Our previous studies using antibodies against TCR, CD3, CD4, and CD28 (6) demonstrated that signaling through the TCR in adaptively tolerant T cells is impaired. In the current experiments, we explored in detail the response of these anergic T cells to TCR stimulation by antigen and APCs. Although initial conjugate formation appeared to be normal, we found that immunological synapse formation was greatly reduced. This led to the discovery that ITK and GADS molecules were down-regulated in these cells and that this, coupled with our previous finding of impairment in LAT phosphorylation, resulted in a failure to recruit VAV proteins into the T cell/APC interface. This in turn impaired actin filaments from congregating at the synapse and prevented the MTOC from orienting toward this site.
All the mice used in this study were bred at the National Institute of Allergy and Infectious Diseases contract facility at Taconic Farms (Germantown, NY). They were on the B10.A (H-2a) background. For adoptive transfer experiments, the donor T cells were from B10.A, TCR-5C.C7 transgenic (Tg), Rag2−/− mice that specifically recognize the pigeon cytochrome c (PCC) peptide 81–104 bound to I-Ek (6). The recipient mice (RO) were transgenic for PCC expression under the control of an MHC class I promoter and an Ig enhancer (6). They were also CD3ε−/−. Three million lymph node (LN) T cells from TCR-5C.C7 Tg mice were injected iv. into each recipient mouse. Mice were sacrificed from 4 to 6 weeks after transfer to provide the adaptively tolerant T cells. All of the animals were maintained in a specific pathogen-free environment, and all experiments were approved by the NIH Animal Care and Use Committee.
MCC peptide (aa 88–103 of moth cytochrome c) was synthesized through the National Institute of Allergy and Infectious Diseases Peptide Facility (National Institute of Health, Bethesda, MD). The PI-3K inhibitor LY294002 was purchased from Sigma-Aldrich. The Src-family kinase inhibitor PP2 and a control analogue PP3 that only inhibits the EGFR kinase were purchased from Calbiochem. The following Abs were used for flow cytometry: anti-CD4-PE-Cy5.5 (Caltag Laboratories) and anti-Vβ3-PE, anti-MHCII (I-Ek)-PE, anti-CD44-FITC, anti-CD62L-FITC, and anti-LFA-1-FITC (BD Pharmingen). Abs used for immunofluorescence were from Upstate (anti-LAT, anti-PLCγ1, and anti-phosphotyrosine (4G10)-biotin), Santa Cruz Biotechnology (anti-VAV (sc132) and anti-PKCθ (sc212)), BD Pharmingen (anti-TCRβ-biotin and anti-ZAP70-FITC), BioLegend (Alexa-Fluor 488-anti-mouse CD11a (LFA-1)), Invitrogen (Alexa-Fluor 488-phalloidin), NeoMarkers (anti-tubulin), or Jackson Immunoresearch Laboratories (donkey anti-mouse IgG-FITC and donkey anti-rabbit IgG-FITC). Cholera toxin B (CTx) was purchased from Sigma-Aldrich. Alexa-Fluor 488-Streptavidin was purchased from Molecular Probes. Abs used for TCR stimulation were from BD Pharmingen (anti-TCRβ-biotin, anti-CD4- biotin, anti-CD3-biotin, anti-CD28-biotin, anti-LFA-1, and anti-CD80). Abs used for immunoprecipitation and Western blot were from Upstate Biotechnology (anti-LAT, anti-phosphotyrosine 191 LAT, anti-VAV, anti-GADS, and anti-SLP76), Cell Signaling Technology (anti-phospho-AKTmAb, and anti-phospho-GSK3α/β Ab), Santa Cruz Biotechnology (anti-ZAP70 (sc574), anti-CDC42 (sc87), anti-VAV (sc132), and-RAP1 (sc65)), BD Pharmingen (anti-RAC1, anti-ITK, anti-ZAP70, and anti-phosphotyrosine 319 ZAP70), Sigma-Aldrich (anti-actin), or Bio-Rad (anti-mouse IgG-HRP and anti-rabbit IgG-HRP). Streptavidin was purchased from Southern Biotechnology.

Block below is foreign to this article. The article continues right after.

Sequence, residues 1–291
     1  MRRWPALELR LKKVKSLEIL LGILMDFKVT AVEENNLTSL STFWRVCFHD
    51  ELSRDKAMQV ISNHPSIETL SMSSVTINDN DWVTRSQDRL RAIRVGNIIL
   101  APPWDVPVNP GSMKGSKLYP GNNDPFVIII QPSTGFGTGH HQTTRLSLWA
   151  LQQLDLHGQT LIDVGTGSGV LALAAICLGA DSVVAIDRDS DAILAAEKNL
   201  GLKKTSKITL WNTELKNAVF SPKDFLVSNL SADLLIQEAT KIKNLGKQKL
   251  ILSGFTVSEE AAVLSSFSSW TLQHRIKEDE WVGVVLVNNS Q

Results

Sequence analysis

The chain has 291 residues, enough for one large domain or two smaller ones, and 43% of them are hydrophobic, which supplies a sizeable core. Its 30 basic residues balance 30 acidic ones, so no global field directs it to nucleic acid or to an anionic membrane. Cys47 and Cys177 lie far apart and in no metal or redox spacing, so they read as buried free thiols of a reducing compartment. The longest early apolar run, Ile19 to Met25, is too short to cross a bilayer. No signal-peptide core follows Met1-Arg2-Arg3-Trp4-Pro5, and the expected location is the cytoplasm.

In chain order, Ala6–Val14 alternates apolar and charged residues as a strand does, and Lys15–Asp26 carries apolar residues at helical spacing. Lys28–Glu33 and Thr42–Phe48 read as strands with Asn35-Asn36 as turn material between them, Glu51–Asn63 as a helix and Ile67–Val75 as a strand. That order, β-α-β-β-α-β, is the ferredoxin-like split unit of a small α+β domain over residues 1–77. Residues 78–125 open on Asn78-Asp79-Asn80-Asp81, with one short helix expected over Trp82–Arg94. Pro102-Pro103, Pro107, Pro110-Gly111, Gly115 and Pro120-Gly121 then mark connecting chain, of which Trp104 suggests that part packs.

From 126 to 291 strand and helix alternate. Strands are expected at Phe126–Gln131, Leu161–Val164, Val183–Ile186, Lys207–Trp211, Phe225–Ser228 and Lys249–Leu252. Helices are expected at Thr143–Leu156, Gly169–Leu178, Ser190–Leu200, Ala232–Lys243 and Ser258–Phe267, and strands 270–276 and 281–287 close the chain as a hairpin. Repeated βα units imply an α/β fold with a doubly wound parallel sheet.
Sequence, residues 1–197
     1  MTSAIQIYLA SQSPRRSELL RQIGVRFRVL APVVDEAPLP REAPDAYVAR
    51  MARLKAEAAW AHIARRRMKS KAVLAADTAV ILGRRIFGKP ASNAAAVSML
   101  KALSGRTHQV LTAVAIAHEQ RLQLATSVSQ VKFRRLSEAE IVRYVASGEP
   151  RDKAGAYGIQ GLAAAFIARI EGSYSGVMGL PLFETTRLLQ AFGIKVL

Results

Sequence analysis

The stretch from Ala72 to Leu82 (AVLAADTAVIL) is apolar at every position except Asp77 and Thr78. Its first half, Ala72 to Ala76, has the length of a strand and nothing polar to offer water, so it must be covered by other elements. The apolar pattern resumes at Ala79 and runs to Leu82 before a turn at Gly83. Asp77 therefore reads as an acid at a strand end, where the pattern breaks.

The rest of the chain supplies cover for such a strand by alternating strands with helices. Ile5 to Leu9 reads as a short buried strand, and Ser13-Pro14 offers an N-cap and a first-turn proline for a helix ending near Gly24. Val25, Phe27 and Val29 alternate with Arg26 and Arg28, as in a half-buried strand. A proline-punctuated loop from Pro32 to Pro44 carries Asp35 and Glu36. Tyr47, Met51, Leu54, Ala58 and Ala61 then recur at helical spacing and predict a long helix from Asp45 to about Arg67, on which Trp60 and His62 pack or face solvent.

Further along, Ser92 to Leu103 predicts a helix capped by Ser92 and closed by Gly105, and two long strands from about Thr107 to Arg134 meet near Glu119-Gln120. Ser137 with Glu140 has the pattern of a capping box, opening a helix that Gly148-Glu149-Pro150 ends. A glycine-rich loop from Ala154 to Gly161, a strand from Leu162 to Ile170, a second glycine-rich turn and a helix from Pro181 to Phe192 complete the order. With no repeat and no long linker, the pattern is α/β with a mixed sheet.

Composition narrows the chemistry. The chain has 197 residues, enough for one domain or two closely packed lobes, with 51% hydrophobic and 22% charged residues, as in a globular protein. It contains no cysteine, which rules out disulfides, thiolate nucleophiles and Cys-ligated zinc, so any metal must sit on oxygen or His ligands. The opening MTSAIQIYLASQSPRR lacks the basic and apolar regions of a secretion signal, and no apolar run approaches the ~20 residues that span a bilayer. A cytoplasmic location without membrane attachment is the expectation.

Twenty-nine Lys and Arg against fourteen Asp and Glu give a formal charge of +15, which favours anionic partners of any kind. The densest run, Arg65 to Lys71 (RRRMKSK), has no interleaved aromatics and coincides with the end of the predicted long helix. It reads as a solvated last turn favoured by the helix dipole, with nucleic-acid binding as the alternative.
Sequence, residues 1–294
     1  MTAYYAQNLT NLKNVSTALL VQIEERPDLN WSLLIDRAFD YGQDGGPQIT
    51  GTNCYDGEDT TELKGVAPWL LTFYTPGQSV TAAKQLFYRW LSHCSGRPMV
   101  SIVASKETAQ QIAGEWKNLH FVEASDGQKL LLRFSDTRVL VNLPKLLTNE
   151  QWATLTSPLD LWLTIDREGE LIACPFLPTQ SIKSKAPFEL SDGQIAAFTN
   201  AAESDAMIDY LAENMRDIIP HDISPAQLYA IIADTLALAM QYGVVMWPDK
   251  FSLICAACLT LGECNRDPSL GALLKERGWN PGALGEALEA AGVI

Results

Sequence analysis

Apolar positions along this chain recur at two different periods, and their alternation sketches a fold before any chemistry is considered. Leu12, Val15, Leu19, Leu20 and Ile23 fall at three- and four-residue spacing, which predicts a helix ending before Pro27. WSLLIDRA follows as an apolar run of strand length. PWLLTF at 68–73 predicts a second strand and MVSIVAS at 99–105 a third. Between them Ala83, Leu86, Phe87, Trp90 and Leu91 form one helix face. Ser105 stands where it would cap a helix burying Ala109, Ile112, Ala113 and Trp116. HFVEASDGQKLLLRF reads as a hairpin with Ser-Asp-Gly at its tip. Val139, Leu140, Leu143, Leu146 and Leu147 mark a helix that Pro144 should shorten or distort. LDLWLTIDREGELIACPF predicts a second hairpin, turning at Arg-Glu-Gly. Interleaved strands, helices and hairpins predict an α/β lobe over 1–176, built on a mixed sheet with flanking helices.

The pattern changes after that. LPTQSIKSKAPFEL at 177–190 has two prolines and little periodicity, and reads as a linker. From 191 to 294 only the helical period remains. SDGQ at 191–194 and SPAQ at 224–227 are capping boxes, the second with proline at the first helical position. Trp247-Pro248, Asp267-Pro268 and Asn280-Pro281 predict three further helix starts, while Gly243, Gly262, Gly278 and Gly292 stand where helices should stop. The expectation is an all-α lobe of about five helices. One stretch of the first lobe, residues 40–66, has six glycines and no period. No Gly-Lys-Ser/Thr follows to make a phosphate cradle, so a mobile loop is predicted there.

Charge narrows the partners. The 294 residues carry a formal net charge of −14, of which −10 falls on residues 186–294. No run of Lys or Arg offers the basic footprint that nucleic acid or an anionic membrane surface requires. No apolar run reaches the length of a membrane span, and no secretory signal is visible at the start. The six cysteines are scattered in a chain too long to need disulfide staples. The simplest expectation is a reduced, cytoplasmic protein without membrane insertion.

The CD4+ T cell population was purified (>90%) from lymph node and spleen cells by negative selection as previously described (51). P13.9 cells, used as APCs, are fibroblasts that had been transfected with MHC class II I-Ek, CD80, and ICAM1 and were kindly provided by Dr. R. N. Germain (NIAID, National Institutes of Health). P13.9 cells in log phase were pulsed with various concentrations of MCC peptide for 2 h in fresh medium at 37 °C.